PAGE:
If George Bush has even the slightest hint of the usual late second term Presidential concern with personal popularity and legacy, he should take a cue from a throwaway paragraph at the end of an opinion piece in today’s Wall Street Journal, The Song of Bernanke. The Journal’s editorial argues, appropriately (even if 11 days after someone else said the same thing), that the Federal Reserve’s main priority is preserving the stability of the dollar and that “the Federal Reserve is no miracle worker” to ride to the rescue of financial markets or the economy as the housing market deflates.
So, if the pump needs priming and monetary policy isn’t the proper grease, what do they suggest? Well, the one fiscal stimulus best at creating noninflationary growth and one George Bush is awfully familiar with:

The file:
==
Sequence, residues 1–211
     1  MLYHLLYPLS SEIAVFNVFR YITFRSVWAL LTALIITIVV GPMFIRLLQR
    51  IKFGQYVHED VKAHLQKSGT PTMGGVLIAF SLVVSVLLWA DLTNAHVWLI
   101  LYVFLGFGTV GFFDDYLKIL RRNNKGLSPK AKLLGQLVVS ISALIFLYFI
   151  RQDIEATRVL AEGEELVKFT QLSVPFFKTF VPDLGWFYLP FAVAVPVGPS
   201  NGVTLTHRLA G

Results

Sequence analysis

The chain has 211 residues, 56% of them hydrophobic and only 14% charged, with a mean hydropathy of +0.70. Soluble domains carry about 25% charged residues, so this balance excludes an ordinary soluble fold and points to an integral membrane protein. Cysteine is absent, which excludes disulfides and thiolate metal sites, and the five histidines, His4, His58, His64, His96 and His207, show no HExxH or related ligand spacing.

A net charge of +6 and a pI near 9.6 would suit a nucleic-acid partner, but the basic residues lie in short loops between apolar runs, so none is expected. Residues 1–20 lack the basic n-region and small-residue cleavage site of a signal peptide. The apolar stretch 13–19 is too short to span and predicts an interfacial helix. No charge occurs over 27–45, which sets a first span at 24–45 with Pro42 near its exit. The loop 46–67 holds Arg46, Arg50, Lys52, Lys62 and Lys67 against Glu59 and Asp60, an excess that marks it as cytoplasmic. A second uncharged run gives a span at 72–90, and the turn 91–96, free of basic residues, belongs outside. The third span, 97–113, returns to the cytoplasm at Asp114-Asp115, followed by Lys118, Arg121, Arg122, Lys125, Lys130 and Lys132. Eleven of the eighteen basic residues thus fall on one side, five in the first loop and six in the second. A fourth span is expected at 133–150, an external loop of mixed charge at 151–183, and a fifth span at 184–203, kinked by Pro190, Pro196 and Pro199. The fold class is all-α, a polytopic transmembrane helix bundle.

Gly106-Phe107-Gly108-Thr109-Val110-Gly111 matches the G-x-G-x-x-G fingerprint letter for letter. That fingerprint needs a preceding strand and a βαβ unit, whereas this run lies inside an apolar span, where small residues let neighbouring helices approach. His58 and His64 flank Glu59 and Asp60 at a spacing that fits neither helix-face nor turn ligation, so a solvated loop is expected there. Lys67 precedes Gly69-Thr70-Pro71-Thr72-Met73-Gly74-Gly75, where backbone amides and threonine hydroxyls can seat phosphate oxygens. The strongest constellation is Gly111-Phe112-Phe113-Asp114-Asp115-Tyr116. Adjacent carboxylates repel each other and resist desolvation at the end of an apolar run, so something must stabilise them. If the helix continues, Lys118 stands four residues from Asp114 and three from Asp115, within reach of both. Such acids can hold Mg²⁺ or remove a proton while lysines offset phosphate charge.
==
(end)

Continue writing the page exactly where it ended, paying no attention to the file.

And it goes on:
The Fed may well have to act if the economy does begin to stumble. But if that happens, the Fed isn’t the only or even the best policy lever. Fiscal policy is also available, which means the Bush Administration and Congress should be considering another tax cut. A tax cut could revive incentives for risk-taking among those feeling burned by the housing fallout. The federal deficit is heading down to 1% of GDP, and nothing would be worse for tax receipts than a recession.
We realize tax cutting is taboo in today’s Washington, but if the Presidential candidates aren’t considering a tax cut proposal, they should be.
Presidential candidates? Bush has well over a year left in office and a marginal rate cut could shave a bit off that 1% of GDP deficit, if the lessons of Kennedy, Reagan and…Bush…are any indication. If Bush wants to see the popularity he had in 2003 and 2004, he needs to head back to the well. In the process he might balance the budget and drive a nail in the coffin of the idea that high taxes are good policy.